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To: BPS Employers

Archived Backgrounder

To: BPS Employers

RE: Provincial Compensation Framework

Ministry of Finance

In March, when I tabled the 2012 Budget, Strong Action for Ontario, I laid out a plan to keep Ontario on track to balance the budget by 2017-18.  I indicated then that eliminating the deficit was the single most important step the government could take to grow our economy, and protect and create jobs.  I said the government was committed to getting its fiscal house in order while protecting the services that matter most to Ontarians: health care and education.

That strong action includes a plan to transform the broader public sector (BPS).

Our partners in the BPS play critical roles in providing services to Ontarians and the McGuinty government has always valued, and will continue to value that work. Compensation for the BPS accounts for more than 50 per cent of all Ontario government spending.

The government is asking all Ontarians to do their part in returning the budget to balance.

As you know, we have asked teachers and doctors to hit the pause button for two years. And now we are asking others in the BPS to do the same.

To meet the government's fiscal targets, the fiscal plan provides no funding for incremental compensation increases for new collective agreements.

The government respects the collective bargaining process and will leave existing agreements intact.  The government will also insist that its partners continue providing high-quality health care, education and other key public services to Ontario families.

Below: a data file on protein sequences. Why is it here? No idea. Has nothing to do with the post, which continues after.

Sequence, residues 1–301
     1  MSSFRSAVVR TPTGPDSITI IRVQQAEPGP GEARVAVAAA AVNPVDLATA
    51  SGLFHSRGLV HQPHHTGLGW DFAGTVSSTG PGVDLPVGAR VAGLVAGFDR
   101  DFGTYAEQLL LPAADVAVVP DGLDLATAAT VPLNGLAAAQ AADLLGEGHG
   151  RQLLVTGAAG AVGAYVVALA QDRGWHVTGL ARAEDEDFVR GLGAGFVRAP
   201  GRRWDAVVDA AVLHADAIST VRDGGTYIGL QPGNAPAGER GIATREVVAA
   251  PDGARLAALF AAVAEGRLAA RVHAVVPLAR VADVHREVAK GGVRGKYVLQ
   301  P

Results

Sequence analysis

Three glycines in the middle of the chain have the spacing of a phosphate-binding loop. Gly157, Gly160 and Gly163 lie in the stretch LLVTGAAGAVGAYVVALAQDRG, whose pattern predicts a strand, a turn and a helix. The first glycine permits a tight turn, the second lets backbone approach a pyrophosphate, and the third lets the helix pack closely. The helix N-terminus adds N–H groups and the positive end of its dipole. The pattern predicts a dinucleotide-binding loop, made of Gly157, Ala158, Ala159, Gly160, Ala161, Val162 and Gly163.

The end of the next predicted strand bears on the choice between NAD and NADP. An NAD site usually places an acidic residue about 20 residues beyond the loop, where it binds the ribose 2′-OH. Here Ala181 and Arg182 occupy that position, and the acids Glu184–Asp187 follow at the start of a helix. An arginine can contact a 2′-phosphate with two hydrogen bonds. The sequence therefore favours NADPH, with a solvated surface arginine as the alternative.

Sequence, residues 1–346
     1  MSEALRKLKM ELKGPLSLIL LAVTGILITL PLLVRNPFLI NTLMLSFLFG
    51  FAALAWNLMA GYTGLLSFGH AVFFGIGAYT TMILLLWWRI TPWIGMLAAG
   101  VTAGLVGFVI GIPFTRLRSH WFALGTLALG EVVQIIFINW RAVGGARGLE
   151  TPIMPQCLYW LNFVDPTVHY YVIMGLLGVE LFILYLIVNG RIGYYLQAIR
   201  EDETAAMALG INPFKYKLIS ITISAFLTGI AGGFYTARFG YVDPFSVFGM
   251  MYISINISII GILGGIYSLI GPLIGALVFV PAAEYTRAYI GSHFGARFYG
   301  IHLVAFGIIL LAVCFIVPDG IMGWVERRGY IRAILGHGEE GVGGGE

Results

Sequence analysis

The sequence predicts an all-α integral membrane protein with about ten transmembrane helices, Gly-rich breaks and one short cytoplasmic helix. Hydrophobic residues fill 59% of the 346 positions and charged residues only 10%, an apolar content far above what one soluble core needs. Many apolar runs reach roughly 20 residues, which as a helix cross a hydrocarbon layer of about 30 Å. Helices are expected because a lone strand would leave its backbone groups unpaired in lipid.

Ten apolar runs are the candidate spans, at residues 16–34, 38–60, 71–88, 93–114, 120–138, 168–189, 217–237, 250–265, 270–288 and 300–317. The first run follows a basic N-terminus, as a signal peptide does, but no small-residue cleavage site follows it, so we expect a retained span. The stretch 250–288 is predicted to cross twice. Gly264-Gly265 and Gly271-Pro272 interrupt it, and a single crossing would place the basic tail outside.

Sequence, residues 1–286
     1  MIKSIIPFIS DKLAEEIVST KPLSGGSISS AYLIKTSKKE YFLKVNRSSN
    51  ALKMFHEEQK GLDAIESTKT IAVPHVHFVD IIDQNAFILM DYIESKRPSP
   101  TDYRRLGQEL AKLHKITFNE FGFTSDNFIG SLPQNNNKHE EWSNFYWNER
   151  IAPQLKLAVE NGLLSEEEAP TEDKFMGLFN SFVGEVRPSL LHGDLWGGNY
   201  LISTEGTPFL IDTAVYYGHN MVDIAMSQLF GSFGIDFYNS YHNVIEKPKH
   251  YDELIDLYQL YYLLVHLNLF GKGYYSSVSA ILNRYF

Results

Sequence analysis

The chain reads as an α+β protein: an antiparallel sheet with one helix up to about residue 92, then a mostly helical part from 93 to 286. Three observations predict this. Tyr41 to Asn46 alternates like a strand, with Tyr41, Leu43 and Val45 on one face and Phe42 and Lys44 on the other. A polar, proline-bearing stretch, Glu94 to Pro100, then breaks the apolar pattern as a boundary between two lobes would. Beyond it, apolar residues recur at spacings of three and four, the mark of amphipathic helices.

Ontario is expecting its bargaining partners to meet the following criteria:

  • For two years, collective agreements should not allow for increases in compensation.  This includes wages, performance pay and benefits.  Any movement through an established grid must be fully offset from within the total compensation package.  Should parties wish to enter contracts of more than two years, those contracts should contain no increases in compensation during the additional period.
  • The Broader Public Sector Accountability Act, 2010, implements compensation restraint measures for designated executives at hospitals, universities, colleges, school boards and designated organizations.  The restraint measures are effective March 31, 2012, and are in place until the province ceases to have a deficit.
  • Decisions related to compensation for non-executives who are not governed by collective agreements should live within fiscal targets.

These criteria are consistent with the approach the government is taking with teachers' compensation and doctors' fee for service arrangements.

In addition, there should be no agreement to terms that impose longer-term costs or restrictions on service delivery.

You, as an employer, are expected to share these parameters with your bargaining agents.  The McGuinty government believes being transparent about our expectations will support the collective bargaining process and good-faith bargaining.

As the 2012 Budget states, where agreements cannot be reached that are consistent with the government's plan to eliminate the deficit, the government is prepared to propose necessary administrative and legislative measures.

In addition, the 2012 Ontario Budget announced a number of initiatives intended to improve the sustainability, affordability and efficiency of pension plans in the Broader Public Sector.  The government is currently conducting consultations on the affordability and sustainability of public sector pension plans.

Ontario is facing some challenges.  Strong action is required to eliminate the deficit, protect jobs and encourage the creation of new jobs as well as economic growth.

I know I speak for my Cabinet colleagues when I say that we appreciate everything that all parties are doing to help move Ontario forward.


Original signed by

Dwight Duncan

Deputy Premier

Minister of Finance



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